Where To Sell Used Books: 5 Of The Best Places Online (And In Person)

There comes a time in every reader’s life where they have to accept some hard truths: that not every book they’ve read is one they should treasure forever; that they don’t need three different copies of their favorite classic, even if it keeps being re-released with cooler covers; that decorating in towering stacks of books might not be the healthiest choice, unless they want to start wearing helmets around the house.

When you’ve come to this point, you will want to clean out your collection. There are plenty of ways to go about this: you may want to do the KonMari method, you may just go for a good ol’ spring cleaning. You may need to recite some of Alice’s helpful mantras to yourself. However you do it, you will hopefully be left with large stacks of books to dispose of. You could give them away or donate them, which is quite noble, but it is always nice to be able to get a little money back from everything you’ve paid out to your bookshelves.

Here’s where to sell used books, whether online or in-person.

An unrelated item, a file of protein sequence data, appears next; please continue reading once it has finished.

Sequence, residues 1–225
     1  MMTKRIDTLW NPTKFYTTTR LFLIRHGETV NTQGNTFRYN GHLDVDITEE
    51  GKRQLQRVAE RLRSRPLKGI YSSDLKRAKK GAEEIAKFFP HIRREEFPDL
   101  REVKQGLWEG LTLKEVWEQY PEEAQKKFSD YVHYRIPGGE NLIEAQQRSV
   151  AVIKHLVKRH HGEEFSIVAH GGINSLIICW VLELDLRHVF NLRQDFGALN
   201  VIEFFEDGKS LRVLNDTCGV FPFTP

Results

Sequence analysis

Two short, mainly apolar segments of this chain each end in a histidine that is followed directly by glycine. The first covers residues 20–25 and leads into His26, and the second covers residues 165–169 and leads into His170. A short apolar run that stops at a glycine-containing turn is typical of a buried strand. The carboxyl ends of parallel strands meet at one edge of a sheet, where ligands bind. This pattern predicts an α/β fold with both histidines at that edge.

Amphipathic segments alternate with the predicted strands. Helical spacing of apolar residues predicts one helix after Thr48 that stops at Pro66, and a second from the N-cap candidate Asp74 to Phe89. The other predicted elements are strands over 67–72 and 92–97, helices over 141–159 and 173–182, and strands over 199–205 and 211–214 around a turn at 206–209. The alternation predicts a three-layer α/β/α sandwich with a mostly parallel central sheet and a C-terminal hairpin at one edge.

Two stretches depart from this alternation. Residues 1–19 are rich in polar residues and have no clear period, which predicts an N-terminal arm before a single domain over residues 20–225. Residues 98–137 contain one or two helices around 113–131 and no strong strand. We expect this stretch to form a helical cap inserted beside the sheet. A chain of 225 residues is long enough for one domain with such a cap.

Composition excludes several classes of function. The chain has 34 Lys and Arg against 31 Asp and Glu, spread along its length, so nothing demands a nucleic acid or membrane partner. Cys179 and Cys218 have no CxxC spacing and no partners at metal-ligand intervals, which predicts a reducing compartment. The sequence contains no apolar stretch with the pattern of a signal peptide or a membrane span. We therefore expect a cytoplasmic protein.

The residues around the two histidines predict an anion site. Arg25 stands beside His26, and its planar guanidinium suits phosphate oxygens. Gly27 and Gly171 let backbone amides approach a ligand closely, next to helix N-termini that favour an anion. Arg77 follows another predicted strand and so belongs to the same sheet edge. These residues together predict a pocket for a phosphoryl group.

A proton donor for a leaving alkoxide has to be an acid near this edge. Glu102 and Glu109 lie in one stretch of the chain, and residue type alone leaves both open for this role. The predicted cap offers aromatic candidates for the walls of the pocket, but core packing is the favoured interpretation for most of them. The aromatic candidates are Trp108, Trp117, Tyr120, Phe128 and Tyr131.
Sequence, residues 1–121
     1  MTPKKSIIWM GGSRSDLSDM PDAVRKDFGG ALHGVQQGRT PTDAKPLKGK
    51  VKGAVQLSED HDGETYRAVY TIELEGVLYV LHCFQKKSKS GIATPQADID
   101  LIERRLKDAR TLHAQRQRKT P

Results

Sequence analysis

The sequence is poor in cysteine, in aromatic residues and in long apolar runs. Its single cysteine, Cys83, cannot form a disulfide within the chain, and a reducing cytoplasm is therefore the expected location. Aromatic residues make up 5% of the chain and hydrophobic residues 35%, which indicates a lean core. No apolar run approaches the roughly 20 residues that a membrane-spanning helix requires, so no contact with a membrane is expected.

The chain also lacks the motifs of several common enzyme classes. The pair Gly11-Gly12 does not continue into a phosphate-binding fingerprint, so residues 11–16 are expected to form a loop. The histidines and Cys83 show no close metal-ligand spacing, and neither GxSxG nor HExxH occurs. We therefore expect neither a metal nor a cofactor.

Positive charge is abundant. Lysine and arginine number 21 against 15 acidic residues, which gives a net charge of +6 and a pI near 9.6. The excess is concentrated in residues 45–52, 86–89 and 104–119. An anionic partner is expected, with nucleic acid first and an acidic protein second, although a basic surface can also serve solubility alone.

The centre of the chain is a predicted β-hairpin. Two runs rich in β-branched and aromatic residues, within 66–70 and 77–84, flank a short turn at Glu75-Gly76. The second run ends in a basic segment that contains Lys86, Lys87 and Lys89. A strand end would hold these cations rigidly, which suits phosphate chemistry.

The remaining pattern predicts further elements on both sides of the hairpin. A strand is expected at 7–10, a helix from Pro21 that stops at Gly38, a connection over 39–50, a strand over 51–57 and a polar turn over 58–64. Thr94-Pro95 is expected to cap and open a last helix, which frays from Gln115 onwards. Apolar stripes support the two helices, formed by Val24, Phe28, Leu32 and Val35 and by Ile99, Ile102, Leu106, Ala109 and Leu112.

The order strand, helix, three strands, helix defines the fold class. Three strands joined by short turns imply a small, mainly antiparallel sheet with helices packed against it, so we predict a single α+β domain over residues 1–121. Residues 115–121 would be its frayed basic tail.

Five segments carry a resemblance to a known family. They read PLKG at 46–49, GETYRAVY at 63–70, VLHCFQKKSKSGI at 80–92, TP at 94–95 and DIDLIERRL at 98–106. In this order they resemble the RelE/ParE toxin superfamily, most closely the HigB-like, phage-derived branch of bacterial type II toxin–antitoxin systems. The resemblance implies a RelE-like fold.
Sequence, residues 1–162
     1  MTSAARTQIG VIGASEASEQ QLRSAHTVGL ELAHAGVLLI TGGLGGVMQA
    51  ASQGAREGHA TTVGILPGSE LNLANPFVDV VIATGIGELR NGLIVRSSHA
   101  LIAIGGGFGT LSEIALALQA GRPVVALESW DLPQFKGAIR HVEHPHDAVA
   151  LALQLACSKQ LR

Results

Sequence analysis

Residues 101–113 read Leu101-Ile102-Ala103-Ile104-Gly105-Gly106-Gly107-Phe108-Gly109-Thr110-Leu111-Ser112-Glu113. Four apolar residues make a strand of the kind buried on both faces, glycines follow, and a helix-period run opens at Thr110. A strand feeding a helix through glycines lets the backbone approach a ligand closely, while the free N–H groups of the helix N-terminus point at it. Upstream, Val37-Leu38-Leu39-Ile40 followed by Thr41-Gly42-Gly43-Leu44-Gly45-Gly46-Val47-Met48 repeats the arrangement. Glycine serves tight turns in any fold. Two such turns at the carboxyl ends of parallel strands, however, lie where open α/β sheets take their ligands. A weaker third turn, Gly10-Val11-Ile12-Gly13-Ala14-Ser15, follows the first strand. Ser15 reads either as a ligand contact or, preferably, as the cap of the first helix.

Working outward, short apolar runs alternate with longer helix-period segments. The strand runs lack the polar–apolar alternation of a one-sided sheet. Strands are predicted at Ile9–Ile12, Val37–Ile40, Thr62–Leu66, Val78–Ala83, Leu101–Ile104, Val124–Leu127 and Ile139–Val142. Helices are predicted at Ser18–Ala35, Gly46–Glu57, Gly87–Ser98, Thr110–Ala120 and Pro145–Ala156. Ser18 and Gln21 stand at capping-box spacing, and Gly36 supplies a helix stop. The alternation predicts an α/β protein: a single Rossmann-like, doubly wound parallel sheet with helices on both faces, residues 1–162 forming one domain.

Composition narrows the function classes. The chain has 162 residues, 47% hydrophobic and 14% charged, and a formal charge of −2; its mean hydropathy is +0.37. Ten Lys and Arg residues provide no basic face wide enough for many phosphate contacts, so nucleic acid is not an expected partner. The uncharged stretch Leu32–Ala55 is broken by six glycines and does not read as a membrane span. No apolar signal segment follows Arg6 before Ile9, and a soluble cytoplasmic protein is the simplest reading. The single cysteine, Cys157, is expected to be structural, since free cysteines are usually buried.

1. BookScouter

I like to start with BookScouter.com. BookScouter says they’re just for textbooks, but I’ve had some good luck checking prices of regular trade books. Book Scouter will tell you what websites will currently pay for each book you’re trying to sell. This will give you a good idea of whether or not it’s even worth selling your books. Remember, all of these websites pay based on what they think they can sell your book for, so books with higher demand will sell for more.

I check the selling price of Go Set a Watchman, a hardcover book I paid full price for, but one that I honestly never want to see on my shelves again. BookScouter says that one (just one) of the websites they scan will buy my copy for $0.12. Harsh. I didn’t like it either, guys, but that’s like $0.25 less than what it probably cost to print the dang book. My paperback of To Kill a Mockingbird, on the other hand, will go to three different sites for as much as $0.75.

That’s supply and demand, my friends.

One thing before we go on: you’re probably not going to make a lot of money off your books, unless you’re a collector or plan on doing this in major volume. You’ll be quite lucky to make $1 a book. If you’re planning to sell of books, wait until you have at least a stack of them ready to go. If you only have two or three books you need to re-home, you’re better off putting them in a Little Free Library.